Peter A. McGraw pmcgraw at LINFIELD.EDU
Mon Jul 15 23:27:40 UTC 2002

Has anybody else noticed this latest journalese excrescence?

There's obviously a style book somewhere that urges journalists to avoid
the use of the conjunction "that".  I.e., thou shalt write: "He said he had
been at home sleeping at the time of the crime," not: "He said THAT he had
been at home...."

This has somehow gotten translated into an absolute prohibition against
EVER using "that" as a conjunction.  I keep hearing the results on NPR,
whose correspondents sound like they're using an infinitive construction
but pereversely leaving out the "to."  Every time, it pulls me up short,
then I try the alternate "that" construction, with optional deletion of the
"that" and think, grudgingly, "all right--I guess it's at least marginally
grammatical."  I keep meaning to remember the example verbatim and ask this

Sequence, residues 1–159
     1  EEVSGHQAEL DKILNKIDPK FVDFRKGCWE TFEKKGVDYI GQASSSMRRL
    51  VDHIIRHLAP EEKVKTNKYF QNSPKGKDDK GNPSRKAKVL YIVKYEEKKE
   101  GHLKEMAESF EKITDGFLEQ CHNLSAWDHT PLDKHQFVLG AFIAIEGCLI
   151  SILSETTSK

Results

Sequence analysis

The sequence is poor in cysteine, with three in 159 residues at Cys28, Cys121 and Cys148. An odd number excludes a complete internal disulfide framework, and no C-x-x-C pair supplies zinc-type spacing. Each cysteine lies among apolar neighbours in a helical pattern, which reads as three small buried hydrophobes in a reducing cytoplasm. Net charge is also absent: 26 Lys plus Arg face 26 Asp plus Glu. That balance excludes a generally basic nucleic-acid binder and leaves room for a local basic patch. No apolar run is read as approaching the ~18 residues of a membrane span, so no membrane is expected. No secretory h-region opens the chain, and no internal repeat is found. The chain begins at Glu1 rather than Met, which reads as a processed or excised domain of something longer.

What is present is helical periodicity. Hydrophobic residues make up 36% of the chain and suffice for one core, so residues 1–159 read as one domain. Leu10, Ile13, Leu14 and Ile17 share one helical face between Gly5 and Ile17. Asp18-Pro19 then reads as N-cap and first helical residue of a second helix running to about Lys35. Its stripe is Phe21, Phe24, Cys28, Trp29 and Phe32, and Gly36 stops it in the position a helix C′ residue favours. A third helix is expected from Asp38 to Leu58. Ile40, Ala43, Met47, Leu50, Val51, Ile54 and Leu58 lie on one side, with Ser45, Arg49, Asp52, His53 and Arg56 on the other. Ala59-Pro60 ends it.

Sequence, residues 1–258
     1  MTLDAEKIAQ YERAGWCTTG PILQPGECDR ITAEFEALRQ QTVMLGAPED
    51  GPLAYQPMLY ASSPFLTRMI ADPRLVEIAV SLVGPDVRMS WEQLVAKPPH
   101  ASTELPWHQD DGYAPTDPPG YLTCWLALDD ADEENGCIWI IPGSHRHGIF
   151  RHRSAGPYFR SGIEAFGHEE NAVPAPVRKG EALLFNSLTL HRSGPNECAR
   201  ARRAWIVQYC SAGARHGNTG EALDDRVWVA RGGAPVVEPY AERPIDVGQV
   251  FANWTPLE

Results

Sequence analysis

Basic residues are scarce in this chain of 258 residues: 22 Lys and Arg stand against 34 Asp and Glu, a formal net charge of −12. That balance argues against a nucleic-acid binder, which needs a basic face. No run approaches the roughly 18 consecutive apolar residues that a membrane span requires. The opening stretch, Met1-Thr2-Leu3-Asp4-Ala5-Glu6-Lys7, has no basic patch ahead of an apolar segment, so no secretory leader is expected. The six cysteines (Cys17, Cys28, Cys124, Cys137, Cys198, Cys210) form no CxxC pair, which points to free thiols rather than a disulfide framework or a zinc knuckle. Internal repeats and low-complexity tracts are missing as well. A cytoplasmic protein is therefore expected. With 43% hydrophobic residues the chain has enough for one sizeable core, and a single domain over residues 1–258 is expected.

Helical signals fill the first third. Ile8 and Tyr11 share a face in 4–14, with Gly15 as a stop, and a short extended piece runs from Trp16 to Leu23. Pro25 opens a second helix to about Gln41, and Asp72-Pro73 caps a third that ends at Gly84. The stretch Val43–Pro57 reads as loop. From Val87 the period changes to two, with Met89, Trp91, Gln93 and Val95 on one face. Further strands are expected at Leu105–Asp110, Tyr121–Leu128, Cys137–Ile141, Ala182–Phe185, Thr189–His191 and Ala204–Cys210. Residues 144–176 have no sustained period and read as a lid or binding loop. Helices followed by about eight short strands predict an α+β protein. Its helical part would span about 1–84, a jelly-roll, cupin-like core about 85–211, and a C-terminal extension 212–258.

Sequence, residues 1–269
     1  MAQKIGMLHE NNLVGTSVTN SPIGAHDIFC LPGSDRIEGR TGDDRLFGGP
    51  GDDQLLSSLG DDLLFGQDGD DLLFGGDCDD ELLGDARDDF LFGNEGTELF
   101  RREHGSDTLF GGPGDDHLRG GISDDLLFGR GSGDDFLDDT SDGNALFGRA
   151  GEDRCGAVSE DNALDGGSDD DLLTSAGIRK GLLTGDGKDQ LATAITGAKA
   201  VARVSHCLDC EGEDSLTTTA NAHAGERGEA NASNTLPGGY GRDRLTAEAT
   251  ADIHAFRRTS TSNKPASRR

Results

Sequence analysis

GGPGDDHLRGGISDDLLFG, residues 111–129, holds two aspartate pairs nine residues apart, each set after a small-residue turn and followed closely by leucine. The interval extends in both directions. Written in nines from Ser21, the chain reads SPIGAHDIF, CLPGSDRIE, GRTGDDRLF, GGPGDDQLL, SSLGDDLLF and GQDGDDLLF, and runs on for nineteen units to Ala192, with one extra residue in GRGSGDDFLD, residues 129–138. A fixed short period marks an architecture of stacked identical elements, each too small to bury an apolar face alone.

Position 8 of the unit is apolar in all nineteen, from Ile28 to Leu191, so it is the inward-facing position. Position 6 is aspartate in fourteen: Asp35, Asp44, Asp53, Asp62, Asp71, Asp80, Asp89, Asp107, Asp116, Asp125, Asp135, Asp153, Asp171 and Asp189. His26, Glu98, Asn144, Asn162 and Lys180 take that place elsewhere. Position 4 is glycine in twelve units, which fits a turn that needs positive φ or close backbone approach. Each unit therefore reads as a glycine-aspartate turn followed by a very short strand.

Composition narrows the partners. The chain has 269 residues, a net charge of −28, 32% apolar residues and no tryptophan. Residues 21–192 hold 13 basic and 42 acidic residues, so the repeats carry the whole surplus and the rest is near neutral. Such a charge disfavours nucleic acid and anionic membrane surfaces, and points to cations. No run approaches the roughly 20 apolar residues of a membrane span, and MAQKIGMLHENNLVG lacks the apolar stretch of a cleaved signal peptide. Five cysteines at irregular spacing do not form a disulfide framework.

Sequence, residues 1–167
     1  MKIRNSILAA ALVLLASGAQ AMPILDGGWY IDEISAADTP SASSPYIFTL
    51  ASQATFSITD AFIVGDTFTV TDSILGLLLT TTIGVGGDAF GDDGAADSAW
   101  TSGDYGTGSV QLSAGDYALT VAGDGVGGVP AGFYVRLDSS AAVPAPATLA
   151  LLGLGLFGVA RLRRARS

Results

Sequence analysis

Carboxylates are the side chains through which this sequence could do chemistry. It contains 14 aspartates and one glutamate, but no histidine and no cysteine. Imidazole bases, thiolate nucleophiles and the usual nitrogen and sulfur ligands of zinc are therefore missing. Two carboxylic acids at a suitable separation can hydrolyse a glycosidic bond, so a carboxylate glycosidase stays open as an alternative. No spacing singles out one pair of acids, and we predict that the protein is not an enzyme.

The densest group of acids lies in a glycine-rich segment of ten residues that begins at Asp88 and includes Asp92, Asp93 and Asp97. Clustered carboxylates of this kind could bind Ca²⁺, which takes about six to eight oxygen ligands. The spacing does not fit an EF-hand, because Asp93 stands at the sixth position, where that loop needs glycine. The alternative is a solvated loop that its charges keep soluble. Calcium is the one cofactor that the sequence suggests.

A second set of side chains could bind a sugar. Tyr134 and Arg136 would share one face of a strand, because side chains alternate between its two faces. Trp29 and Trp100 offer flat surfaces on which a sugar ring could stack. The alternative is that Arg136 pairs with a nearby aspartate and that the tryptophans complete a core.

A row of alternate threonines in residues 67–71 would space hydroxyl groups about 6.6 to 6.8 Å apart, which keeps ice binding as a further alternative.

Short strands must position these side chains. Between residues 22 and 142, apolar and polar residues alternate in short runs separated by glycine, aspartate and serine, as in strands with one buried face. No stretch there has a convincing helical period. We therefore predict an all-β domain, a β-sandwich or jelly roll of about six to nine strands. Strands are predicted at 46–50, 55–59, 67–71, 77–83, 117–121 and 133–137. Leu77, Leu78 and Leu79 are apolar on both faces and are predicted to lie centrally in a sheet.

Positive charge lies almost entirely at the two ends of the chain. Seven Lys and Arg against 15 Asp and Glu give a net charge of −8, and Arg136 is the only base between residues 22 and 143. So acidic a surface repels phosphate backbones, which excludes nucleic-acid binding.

list about it, but by the time I arrive at work, sure enough I've forgotten

This morning I heard a particularly bizarre example, and I REMEMBERED IT!

In a report on John Walker Lind's surprise guilty plea, the correspondent
(or was it Bob Edwards--he's guilty of all of these style-book oddities)
said that Lind's lawyers had planned to "ask the judge disallow" statements
Lind had made under interrogation by U.S. agents in Afghanistan.

Now I submit that this actually crosses the line.  "...ask the judge TO
disallow" would be fine, and so would "ask THAT the judge disallow," but to
me, *"ask the judge disallow" is just plain not a grammatical AE sentence.
What's wrong with "ask the judge TO disallow," for God's sake?

Is there anyone out there who would find it natural to "ask the judge
disallow" something?

No more rants today--I promise.

Peter Mc.

                               Peter A. McGraw
                   Linfield College   *   McMinnville, OR
                            pmcgraw at

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